Diabetes and Canada: Don’t Forget the Youth!
According to the Public Health Agency of Canada, there are primary risk factors for obtaining a chronic disease. While the following are quite typical to hear, we must be reminded of them: tobacco use, harmful use of alcohol, raised blood pressure (or hypertension), physical inactivity, raised cholesterol, overweight/obesity, an unhealthy diet, and raised blood glucose. The Canadian Best Practices Portal has on their news line a report about diabetes in Canada from the Public Health Agency and mentions some preventative solutions.
According to the Public Health Agency report, there are several factors previously mentioned here that can promulgate the development of type 2 diabetes: namely, obesity, physical inactivity, the risk of an unhealthy diet (less than five servings of vegetables and fruit a day), and smoking. Most of these factors attribute to nearly all of the risks — where others include socio-demographic, environmental, or genetic factors.
With the risk factors in mind, it is notable to say nowadays that a highly at-risk population for obtaining type 2 diabetes is young people — with rates of physical inactivity and consumption of high-fat foods being on the rise. Interventions suggested by the Public Health Agency thus include increasing the time for physical activity in school curricula, instituting educational campaigns (which include the understanding of food labels and to teach youth how to cook nutritious, low-fat foods), providing access to community recreational facilities, networking for improving nutrition and physical activity, providing training to staff and volunteers for the skills required to promote population health, and mandating a local health service (i.e. a diabetes education center) . Notably, they stress a “holistic approach” that encompasses social, economic, environmental, genetic and lifestyle factors associated with type 2 diabetes.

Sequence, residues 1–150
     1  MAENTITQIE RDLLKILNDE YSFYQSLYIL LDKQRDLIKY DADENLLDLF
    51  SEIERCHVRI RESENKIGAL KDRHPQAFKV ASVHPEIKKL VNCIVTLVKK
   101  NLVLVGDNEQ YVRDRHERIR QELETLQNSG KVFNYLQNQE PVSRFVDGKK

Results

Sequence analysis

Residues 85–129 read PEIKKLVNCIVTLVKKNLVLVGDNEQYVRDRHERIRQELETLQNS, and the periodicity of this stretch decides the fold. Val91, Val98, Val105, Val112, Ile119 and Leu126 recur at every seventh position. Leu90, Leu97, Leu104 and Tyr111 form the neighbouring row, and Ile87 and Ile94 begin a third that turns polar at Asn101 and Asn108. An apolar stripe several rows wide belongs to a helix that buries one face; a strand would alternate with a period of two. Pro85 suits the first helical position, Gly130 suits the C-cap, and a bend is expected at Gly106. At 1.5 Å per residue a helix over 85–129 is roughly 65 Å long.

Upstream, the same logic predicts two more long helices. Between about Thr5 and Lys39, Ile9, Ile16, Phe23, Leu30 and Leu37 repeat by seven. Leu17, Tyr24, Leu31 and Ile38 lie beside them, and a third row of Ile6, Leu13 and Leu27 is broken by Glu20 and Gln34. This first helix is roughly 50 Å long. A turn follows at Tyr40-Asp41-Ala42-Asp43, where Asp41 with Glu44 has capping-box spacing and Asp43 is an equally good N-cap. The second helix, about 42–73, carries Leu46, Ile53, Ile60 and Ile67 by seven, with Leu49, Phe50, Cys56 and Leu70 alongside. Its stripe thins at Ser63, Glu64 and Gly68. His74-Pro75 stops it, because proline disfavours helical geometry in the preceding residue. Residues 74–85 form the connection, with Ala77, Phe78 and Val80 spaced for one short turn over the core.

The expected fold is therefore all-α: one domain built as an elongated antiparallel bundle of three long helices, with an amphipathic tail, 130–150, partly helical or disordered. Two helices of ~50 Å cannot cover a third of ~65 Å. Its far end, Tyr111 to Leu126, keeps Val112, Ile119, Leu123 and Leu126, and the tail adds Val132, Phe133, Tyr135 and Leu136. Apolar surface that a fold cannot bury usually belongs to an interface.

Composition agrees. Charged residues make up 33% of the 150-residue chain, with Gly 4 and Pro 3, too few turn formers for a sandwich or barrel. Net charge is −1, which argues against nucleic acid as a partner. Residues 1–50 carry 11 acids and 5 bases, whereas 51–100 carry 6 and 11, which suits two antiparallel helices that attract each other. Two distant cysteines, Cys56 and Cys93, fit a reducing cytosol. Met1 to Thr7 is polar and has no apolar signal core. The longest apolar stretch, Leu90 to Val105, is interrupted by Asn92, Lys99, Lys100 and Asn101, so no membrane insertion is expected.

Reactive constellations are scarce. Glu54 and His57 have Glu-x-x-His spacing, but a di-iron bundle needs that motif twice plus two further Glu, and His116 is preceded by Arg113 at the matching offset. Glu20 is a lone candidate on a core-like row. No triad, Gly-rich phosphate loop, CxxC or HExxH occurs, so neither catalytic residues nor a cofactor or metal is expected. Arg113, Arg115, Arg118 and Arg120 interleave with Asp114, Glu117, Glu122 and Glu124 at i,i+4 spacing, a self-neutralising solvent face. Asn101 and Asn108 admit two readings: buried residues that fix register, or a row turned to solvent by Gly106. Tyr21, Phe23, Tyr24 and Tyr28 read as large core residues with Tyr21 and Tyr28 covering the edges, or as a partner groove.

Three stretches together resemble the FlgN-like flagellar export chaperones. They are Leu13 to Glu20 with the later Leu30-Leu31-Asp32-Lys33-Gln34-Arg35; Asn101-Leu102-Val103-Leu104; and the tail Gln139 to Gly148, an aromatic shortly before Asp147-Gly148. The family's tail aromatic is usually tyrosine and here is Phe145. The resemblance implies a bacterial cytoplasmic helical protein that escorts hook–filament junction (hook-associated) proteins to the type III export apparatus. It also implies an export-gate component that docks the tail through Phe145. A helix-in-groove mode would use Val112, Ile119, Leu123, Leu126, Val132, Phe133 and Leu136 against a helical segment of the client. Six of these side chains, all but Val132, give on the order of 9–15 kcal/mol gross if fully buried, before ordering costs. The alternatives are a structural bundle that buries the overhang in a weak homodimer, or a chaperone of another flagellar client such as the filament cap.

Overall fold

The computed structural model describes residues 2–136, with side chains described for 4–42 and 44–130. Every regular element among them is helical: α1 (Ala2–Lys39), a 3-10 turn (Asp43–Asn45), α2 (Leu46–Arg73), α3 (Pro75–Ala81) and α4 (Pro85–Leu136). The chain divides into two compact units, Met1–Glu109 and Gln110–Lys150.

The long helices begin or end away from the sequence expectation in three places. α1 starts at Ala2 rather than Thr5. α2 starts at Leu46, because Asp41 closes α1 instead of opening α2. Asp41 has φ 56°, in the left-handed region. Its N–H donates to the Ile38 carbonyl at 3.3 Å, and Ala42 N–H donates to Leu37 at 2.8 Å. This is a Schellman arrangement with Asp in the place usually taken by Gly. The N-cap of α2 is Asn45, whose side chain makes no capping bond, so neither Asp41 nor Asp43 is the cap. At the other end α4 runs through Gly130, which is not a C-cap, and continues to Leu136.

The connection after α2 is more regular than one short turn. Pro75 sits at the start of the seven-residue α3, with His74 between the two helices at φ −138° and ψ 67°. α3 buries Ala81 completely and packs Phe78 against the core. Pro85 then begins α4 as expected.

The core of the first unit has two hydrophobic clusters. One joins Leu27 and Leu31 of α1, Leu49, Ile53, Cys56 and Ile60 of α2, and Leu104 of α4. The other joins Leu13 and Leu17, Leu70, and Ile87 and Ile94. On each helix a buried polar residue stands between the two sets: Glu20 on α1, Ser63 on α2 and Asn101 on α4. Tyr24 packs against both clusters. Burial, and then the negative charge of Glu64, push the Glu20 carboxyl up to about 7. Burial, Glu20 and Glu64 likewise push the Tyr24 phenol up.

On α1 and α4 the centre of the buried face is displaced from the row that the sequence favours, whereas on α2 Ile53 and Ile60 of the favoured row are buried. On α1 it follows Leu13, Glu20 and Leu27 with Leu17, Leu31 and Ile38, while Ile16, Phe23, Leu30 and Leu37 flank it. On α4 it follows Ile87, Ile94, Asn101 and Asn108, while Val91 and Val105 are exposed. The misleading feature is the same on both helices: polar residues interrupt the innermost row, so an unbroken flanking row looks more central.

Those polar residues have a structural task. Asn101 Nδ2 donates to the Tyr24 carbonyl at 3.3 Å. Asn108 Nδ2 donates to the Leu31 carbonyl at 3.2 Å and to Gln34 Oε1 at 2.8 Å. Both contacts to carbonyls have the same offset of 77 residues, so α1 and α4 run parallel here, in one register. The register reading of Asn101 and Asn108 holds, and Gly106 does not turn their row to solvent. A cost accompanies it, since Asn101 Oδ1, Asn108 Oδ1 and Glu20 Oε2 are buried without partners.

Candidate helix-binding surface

“Type 1 diabetes remains the main form of the disease in this population [children and youth], but type 2 diabetes, historically viewed as an adult disease, has been on the rise globally in children and youth for the last decades.”
Why is the health of the young so important when we should be focusing on the rapid aging rate?
This is a notable question to consider, and my answer is that with the continuous drain of services for elderly due to the widespread aging process, fewer and fewer staff will be able to take care of them. What indeed could we do if the next generations of our world could not even take care of the old because they are not healthy themselves? It is an insight that we all must realize — that although there still remains a lack of focus on the rising aging population, we most certainly shouldn’t turn our heads away from the young.
Public Health Agency of Canada. http://www.phac-aspc.gc.ca/index-eng.php
Canadian Best Practices Portal. http://cbpp-pcpe.phac-aspc.gc.ca/